The last section of the song is a mostly-electronic build-up, which leads to a somewhat weak ending and makes the listener question if it was really necessary to include this bit. The song, overall, sounds like it was done with pretty much only computers and lacks the musical depth that newer Porcupine Tree albums have (where there are more people other than Steven Wilson himself). It could’ve been a piece of video-game music or just a way for psychedelic fans to relax their minds. But maybe, this experimentalism is what made Steven Wilson, that we know and love today, take the bold risks and creative decisions that changed the progressive rock scene forever. Who knows?
3. Not Beautiful Anymore / Siren / Small Fish (7:08)
Consisting of three very distinctive parts, this song creates great pacing between the fast and slow parts. The first part, “Not Beautiful Anymore” is centered around this woman and her love. It starts off slow with a monologue of the woman. She describes the perfect partner in the world. Her love for that person isn’t superficial. She is not here just for sex. She overcame this shallow understanding of love. With this songwriting, Steven Wilson showed that he has a refined perception of love and capable of writing about complex emotions. He proved that he is not an ordinary songwriter who writes about shallow feelings.
And just touch their cheek, or hold their hand And it’s the most beautiful thing in the world You don’t need sex under LSD because, Because you’re so satisfied with just holding hands That going for more than that isn’t beautiful anymore
Then, out of nowhere, her emotional monologue gets interrupted by energetic drumming that creates the fast tempo for this part. This quick change in tempo manages to surprise the listener and grabs their attention. The powerful and dynamic riff comes in and creates a very energetic mood for the song. This mood is probably representing the woman’s heartbeat when she is holding hands with the one she adores. Suddenly, the woman enters the scene talking about her emotions, silencing the loud guitar, and creating a transition to the second part of the song, Siren. Siren is a small part (only 0.52 seconds) so it can be considered as a transition. It starts with synth sounds that give the feeling that you are drifting in the ocean. Sound of the water, wind blowing, squeaks in the boat… That all leads to “Small Fish”. Contrast to the first part, Steven uses more acoustic sounds in the third, and last, part. The tempo is slower. Voice is soothing. This energetic song about a genuine love turns into a relaxing song about the death of a fish without being noticed. This is the genius of Steven Wilson on the pacing of the song. This song has lots of ups and downs but all of it is handled in such a manner that everything flows smoothly. And the clean guitar solo enhances this point. This incredible solo comes in the middle of this part and shows the beauty in simplicity and that every note counts. With Wilson’s soft and kind vocals, the song ends and proves that even though it is the shortest song on the album, it is not the simplest.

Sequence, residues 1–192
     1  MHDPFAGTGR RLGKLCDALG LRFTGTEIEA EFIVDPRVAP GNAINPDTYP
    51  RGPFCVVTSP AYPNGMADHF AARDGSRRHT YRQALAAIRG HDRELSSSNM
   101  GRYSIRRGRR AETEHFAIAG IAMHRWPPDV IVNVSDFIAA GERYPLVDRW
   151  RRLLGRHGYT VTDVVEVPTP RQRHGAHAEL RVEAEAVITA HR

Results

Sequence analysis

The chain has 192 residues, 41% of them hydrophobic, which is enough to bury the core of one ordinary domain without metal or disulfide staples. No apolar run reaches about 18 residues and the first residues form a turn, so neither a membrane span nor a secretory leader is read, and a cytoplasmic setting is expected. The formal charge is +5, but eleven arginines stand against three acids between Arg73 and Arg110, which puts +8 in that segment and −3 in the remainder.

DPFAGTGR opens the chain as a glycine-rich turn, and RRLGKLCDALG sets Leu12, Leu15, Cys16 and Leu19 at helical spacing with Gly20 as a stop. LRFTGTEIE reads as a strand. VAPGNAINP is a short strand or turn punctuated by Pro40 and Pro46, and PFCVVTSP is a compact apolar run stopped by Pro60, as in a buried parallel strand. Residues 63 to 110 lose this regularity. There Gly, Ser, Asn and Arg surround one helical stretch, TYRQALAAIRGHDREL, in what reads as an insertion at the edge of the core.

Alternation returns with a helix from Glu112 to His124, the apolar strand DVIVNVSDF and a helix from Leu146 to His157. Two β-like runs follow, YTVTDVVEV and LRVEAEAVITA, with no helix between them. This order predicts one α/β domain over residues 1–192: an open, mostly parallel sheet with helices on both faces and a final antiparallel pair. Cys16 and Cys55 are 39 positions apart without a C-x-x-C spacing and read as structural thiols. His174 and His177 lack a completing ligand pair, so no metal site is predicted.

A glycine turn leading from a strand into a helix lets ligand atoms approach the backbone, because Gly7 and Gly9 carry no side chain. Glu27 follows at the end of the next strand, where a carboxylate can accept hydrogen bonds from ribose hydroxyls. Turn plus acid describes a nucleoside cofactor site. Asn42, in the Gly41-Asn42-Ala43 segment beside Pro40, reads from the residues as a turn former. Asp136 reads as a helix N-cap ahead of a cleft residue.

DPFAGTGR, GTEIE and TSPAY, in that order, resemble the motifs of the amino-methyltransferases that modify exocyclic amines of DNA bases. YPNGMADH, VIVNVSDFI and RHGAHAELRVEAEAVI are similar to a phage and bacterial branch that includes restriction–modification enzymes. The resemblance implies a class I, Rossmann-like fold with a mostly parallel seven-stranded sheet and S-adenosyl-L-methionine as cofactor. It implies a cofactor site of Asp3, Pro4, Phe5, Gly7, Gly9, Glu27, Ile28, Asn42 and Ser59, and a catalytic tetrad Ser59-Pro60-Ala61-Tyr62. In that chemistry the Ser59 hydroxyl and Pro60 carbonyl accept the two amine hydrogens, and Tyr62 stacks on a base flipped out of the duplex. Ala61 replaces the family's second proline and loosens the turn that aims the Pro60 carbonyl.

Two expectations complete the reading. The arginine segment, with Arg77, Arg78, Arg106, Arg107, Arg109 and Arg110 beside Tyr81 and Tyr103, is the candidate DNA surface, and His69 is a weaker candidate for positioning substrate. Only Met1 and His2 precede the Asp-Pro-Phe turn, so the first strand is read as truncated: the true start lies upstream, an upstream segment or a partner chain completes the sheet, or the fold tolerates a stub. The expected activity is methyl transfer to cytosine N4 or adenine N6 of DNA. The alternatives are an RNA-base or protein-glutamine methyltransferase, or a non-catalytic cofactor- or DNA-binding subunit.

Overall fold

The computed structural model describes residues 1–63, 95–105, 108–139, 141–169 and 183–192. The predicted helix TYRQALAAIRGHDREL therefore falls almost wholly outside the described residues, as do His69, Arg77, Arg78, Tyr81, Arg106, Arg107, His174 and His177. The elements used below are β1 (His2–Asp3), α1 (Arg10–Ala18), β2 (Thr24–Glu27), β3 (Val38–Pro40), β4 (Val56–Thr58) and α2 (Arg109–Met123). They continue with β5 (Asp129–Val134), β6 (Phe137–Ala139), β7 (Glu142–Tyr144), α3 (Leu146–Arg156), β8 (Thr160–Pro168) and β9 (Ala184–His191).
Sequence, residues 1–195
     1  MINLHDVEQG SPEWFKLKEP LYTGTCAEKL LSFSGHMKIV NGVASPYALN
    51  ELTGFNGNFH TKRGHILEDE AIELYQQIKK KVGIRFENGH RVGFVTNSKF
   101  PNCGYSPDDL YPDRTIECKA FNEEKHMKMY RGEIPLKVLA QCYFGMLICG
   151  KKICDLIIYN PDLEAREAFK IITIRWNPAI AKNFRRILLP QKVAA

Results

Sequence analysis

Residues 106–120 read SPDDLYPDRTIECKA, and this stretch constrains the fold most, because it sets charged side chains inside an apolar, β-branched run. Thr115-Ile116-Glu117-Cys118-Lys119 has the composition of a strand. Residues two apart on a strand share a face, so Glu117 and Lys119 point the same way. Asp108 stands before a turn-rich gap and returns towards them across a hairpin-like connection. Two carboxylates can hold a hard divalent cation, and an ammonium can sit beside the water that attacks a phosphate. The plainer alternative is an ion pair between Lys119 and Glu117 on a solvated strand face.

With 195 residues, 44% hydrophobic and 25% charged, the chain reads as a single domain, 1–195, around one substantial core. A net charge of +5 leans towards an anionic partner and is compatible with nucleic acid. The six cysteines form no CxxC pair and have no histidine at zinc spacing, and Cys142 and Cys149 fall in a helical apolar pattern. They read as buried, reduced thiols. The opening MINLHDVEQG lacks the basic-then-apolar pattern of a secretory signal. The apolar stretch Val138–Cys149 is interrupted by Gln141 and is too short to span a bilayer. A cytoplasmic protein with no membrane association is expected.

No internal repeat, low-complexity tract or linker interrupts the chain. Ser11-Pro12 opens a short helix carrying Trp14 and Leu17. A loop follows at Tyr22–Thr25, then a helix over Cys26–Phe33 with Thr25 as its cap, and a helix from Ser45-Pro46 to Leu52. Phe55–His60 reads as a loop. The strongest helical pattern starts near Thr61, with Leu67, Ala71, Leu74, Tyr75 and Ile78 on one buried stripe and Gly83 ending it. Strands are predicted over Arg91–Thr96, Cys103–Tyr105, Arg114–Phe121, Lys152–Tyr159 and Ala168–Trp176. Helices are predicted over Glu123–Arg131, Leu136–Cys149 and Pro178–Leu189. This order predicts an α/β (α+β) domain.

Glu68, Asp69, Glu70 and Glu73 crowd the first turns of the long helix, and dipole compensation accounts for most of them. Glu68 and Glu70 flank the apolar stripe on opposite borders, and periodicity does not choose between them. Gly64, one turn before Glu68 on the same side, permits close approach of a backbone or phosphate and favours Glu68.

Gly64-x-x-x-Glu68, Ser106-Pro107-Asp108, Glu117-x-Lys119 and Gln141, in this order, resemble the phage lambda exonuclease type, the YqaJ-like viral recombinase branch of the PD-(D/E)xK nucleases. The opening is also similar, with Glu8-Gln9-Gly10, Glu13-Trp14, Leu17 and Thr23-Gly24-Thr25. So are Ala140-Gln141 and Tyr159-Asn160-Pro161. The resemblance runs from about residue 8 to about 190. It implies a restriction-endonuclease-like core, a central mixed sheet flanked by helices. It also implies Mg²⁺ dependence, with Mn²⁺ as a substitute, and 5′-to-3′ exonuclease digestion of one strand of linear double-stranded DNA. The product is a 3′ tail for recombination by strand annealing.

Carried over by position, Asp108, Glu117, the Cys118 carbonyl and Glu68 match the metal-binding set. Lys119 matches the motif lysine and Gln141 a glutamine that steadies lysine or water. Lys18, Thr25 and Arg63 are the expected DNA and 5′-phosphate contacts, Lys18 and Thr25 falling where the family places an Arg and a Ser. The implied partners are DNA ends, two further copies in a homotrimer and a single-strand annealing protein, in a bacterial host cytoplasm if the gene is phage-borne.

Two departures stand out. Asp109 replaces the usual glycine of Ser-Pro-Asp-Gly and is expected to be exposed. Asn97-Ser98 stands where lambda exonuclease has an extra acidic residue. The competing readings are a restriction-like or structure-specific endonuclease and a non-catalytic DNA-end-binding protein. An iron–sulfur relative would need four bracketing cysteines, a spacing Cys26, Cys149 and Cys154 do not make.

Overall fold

4. Burning Sky / Fadeaway (18:02)
Starting off with a tidal orchestra sound effect, Porcupine Tree combines this effect with a synth overtone – setting the expectancy of the song to the same level of obscurity and abstract expressionism. Then the sound slowly leaves itself to the rhythm, changing the listener’s focus. The next riff on the song reminds us of the track “Sirius” by the Alan Parsons Project, using the same kind of delay effect. Throughout the song, we get to see the experimentalism that has been building up upon the inspirations from the ambient and rock music artist, creating enough space to show their creativity. Throughout the song, we are able to hear the mellow Pink Floyd influences in the soloing synth sounds, which is Steven Wilson’s favorite band. As we hear the synth-action followed by the heavy-guitar riffs and solo parts, we can get a glimpse of what the group will become in the future(the heavy sound of the album Absentia, etc.). Porcupine Tree shows with their early works how minimalist approach leads to taste and more satisfying experience-same with what the ambient music artists of the ’70s created. The TOOLian psychedelics combined with Pink Floydian musical style, creating the absolute perfection that Steven Wilson imagined on his own, under the name of “Porcupine Tree”. Everything comes together again when we hear the same chord progression that we’ve heard at the beginning of the song – giving us that feeling of satisfaction and spares us the time to proceed with what we had listened for the last eight minutes.
The second part of the song, called “Fadeaway”, starts with a smooth transition from the first part “Burning Sky”. Tidal orchestration again takes place, with a tic-toc voice(considering the name of the song, it may mean that time “fades away”). Coming up next, Gilmour-ish sound again take our soul and make us feel all desperateness and loneliness that the main character of the song feels with the lyrics that come beautifully mellow due to Steven Wilson’s one of a kind voice.
I sat in the room with a view The girl in the photograph knew Can’t you see? Why is she laughing at me?
The character is out of control, seeing and feeling things that aren’t real – due to his hopelessness and sorrow – he slowly “fades away”. The musicality doesn’t fall apart from the beautiful lyricism, setting up the tone of the song with intense ambient synthesizers and acoustic/electric guitar. The song slowly “fades away” with the repetitive melody that we won’t easily be able to forget – a perfect ending for an album that is certainly one of a kind and a masterpiece of its own genre.